One last question, asked in sincerity and kindness: why the urge to talk to me as if I were your daughter? Something to consider: single people in the church, particularly women, are often infantilized, not treated as fully grown by virtue of their singleness. This is one of the main reasons we/they feel devalued. I’m a 42 year old woman–my intellect, my needs, my experiences, desires, and concerns are a woman’s, not a child’s. So I’d prefer you offer me what you’d offer a contemporary, as that’s what we are. (And if you were my son, I’d pray that you’d continually allow your perspective to widen, to cultivate an increased empathy for others, as it seems you have already begun.) My best to you in your journey, as well.

      • hkobeal March 18, 2014 at 11:33 am - Reply

        Yeah, I didn’t hear (in the podcast) nor read (in the book) anger. I felt a wide range of emotions, but anger was most definitely not primary.

      • Gail Knickerbocker March 18, 2014 at 8:45 pm - Reply

        I am thinking that people who are raised Mormon often hear anger when ANY kind of firm disagreement with their ideals takes place. In my own home, my husband (who was raised Mormon) would say that contention is of the Devil and in any case in which I disagreed passionately it was assumed I was bringing the devil in my home. My experience says that Mormons are often not taught how to disagree and not find it contentious, wrong, or anger inducing. Just a thought.

        • Zack March 18, 2014 at 9:45 pm - Reply

          Gail, actually if you read the posts it appears me that those that believe are most constrained and more compelled to being thoughtful. I agree with nichole and I accept her encouragement to widen my perspective. I appreciate her engaging and I accept she may not have the feelings I assumed.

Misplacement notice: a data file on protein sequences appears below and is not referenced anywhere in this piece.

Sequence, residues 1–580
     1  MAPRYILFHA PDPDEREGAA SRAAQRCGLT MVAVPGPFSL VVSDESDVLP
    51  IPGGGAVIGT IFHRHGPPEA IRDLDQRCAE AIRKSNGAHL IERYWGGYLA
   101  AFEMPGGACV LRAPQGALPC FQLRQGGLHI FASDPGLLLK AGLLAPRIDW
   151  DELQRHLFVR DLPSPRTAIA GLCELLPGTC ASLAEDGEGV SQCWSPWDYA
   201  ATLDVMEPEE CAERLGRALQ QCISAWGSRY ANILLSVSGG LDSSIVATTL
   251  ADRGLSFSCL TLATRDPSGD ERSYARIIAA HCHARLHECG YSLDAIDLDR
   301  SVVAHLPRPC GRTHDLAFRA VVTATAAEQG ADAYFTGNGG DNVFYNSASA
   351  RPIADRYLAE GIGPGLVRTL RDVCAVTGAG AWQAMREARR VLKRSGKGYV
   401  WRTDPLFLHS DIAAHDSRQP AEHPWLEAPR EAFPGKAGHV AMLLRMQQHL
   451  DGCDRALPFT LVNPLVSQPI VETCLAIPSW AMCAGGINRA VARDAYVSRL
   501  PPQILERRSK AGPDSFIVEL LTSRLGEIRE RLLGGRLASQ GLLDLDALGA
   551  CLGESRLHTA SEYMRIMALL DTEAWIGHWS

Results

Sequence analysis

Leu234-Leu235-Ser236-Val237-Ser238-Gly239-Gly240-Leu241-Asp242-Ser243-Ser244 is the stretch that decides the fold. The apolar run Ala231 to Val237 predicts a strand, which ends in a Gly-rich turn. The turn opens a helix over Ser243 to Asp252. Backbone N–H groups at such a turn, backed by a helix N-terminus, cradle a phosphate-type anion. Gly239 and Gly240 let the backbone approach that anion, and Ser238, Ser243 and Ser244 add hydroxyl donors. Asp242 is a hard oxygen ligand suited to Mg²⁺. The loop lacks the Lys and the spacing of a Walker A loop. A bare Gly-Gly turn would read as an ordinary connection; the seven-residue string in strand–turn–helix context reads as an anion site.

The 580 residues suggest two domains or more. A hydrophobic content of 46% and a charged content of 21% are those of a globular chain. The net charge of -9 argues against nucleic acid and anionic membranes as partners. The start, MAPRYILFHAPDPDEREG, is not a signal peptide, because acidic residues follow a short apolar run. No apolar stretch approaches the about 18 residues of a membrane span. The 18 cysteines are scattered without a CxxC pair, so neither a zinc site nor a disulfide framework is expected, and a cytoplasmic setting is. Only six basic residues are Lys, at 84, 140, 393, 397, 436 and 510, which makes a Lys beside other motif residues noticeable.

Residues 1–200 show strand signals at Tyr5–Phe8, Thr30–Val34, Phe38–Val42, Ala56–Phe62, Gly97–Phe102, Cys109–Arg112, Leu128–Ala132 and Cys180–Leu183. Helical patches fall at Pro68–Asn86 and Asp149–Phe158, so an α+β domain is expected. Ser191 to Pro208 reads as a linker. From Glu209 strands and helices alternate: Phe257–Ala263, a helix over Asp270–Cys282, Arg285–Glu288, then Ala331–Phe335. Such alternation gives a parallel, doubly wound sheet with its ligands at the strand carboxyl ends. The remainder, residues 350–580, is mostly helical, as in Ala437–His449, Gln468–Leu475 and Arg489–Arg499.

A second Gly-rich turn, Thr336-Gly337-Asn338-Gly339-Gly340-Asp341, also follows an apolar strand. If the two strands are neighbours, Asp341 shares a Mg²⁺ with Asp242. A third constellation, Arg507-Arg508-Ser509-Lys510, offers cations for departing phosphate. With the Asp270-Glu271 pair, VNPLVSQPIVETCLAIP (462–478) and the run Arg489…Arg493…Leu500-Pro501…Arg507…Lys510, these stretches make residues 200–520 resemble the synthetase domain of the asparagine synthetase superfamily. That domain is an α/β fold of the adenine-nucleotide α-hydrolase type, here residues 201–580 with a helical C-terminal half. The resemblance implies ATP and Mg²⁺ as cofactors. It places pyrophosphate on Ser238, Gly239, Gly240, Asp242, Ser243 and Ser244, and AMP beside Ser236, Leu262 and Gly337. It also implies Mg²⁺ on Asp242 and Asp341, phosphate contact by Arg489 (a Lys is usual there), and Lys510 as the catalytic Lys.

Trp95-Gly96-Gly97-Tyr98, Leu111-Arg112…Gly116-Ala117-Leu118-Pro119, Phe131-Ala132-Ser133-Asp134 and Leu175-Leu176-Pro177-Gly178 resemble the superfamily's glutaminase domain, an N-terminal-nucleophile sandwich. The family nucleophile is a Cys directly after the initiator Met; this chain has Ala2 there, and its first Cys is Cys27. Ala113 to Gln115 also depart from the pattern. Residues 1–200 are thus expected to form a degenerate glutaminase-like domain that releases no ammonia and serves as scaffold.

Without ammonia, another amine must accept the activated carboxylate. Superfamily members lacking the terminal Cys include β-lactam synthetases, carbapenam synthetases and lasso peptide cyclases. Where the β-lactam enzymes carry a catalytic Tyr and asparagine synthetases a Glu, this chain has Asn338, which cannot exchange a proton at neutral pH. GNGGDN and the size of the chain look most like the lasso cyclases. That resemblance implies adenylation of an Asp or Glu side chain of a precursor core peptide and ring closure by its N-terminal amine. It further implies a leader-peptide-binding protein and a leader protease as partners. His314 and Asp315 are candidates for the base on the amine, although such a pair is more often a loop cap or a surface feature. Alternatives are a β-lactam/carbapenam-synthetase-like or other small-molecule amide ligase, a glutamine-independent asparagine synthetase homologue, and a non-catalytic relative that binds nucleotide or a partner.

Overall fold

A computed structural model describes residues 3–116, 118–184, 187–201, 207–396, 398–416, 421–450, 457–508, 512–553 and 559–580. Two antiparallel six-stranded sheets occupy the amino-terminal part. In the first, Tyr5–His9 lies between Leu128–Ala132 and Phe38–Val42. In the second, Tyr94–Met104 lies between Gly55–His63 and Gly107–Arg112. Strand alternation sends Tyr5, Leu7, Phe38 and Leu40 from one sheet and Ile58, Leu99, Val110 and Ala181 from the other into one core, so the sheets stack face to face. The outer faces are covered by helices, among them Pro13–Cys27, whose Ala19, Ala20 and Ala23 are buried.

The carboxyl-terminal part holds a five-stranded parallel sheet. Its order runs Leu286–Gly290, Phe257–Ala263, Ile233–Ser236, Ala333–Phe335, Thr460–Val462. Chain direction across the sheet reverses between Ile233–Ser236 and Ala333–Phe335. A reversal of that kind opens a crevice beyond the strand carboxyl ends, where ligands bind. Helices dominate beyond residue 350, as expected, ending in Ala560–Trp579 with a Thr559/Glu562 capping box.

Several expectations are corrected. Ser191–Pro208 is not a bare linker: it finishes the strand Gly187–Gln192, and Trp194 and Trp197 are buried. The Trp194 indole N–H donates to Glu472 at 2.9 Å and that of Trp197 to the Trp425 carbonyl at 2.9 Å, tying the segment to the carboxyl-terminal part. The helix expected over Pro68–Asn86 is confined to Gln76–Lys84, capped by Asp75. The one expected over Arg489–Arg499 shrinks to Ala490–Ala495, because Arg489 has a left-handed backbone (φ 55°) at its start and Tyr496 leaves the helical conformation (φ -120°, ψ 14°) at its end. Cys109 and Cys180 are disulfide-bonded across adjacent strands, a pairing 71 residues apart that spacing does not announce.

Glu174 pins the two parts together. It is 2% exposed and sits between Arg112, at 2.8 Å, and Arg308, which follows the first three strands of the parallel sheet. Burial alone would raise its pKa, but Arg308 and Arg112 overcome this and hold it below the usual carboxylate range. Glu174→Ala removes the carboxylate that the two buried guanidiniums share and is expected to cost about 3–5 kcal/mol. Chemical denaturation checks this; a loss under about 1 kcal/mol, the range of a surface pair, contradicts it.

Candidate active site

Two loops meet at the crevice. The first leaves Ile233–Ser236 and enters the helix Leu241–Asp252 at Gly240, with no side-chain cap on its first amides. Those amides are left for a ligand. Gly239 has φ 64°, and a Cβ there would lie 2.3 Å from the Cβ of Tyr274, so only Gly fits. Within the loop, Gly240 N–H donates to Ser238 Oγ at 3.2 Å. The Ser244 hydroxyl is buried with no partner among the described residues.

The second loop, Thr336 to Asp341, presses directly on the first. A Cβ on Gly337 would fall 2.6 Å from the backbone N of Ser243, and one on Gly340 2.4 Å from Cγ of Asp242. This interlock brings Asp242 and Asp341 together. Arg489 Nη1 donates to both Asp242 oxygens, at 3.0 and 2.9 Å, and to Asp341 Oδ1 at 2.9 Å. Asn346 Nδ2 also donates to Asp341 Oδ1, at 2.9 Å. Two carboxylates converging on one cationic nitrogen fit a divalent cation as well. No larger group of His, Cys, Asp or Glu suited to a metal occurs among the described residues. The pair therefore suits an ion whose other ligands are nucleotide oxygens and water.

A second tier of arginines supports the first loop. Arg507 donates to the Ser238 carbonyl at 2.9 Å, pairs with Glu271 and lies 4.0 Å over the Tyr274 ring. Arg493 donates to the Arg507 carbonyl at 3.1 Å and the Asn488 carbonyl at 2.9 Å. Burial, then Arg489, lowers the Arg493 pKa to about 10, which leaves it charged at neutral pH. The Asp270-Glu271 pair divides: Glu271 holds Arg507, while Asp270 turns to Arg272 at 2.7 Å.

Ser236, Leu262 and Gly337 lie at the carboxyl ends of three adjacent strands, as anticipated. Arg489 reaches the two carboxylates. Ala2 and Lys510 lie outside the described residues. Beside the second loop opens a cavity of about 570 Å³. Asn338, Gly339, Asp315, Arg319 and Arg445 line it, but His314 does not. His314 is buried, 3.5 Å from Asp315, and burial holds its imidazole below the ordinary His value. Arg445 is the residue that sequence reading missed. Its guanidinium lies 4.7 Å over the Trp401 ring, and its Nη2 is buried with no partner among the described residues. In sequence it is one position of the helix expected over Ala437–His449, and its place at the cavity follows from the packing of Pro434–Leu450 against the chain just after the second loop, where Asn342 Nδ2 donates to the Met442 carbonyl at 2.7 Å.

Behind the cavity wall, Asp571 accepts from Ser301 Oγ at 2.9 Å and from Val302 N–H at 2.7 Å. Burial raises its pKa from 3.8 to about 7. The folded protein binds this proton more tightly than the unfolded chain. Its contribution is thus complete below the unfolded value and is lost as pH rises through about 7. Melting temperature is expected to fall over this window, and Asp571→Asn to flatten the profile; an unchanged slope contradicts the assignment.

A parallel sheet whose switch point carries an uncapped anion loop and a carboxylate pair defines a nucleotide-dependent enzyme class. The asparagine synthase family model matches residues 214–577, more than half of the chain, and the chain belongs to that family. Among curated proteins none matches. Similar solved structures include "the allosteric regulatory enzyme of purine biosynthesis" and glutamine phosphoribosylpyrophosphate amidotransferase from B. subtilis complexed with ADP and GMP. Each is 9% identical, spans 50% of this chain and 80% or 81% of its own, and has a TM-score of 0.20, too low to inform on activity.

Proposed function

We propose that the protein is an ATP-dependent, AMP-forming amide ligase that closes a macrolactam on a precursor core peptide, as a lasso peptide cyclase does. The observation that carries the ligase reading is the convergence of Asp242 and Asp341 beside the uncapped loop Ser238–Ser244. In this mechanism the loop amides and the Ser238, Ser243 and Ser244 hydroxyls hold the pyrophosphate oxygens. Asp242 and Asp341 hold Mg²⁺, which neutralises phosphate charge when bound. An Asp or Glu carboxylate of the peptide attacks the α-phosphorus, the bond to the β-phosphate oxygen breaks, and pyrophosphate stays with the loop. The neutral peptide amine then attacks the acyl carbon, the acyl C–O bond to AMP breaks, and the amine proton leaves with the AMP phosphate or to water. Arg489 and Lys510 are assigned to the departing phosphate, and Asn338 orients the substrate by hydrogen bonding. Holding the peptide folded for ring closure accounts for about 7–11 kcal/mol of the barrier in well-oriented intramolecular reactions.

You maybe painting the “Raised Mormon” with broad Brush, in turn doing the very thing than you see in them.

          One last thought, when an argument is made by adding things, buligerant, intolerant, bigoted, these words are ment to silence or berate the thinking of someone you are disagreeing with.

  7. Adam March 24, 2014 at 8:02 am - Reply

    This has been a tough podcast to listen to. On one hand, it is very easy to understand the desire to break out of a pre-defined role and have freedom, but at the same time, it might not be completely reasonable to expect the church to love you for it.

    As an almost 41 year old male virgin, who’s name is still on the church roles, I do understand the desire for companionship and sex very much. But the best part of Christian theology, IMOH, is the concept that good people do not use other people. I’ve not run into a workable “friends with benefits” scenario, and to spite being athletic and still being flirted with be girls on a regular basis, have made a DECISION to forgo family for the time being because I refuse to be responsible for other people’s lives without a solid financial basis for it.

    I’m considered a pretty big disappointment by many of my friends in the church despite some relatively exceptional achievements and to be honest, I’d be surprised if it were not so. From their standpoint, I am either selfish or lack the faith that God will provide. I feel intuitively that life is much more complicated than either of those two answers, but the very nature of religion is to make answers simple – for better or worse.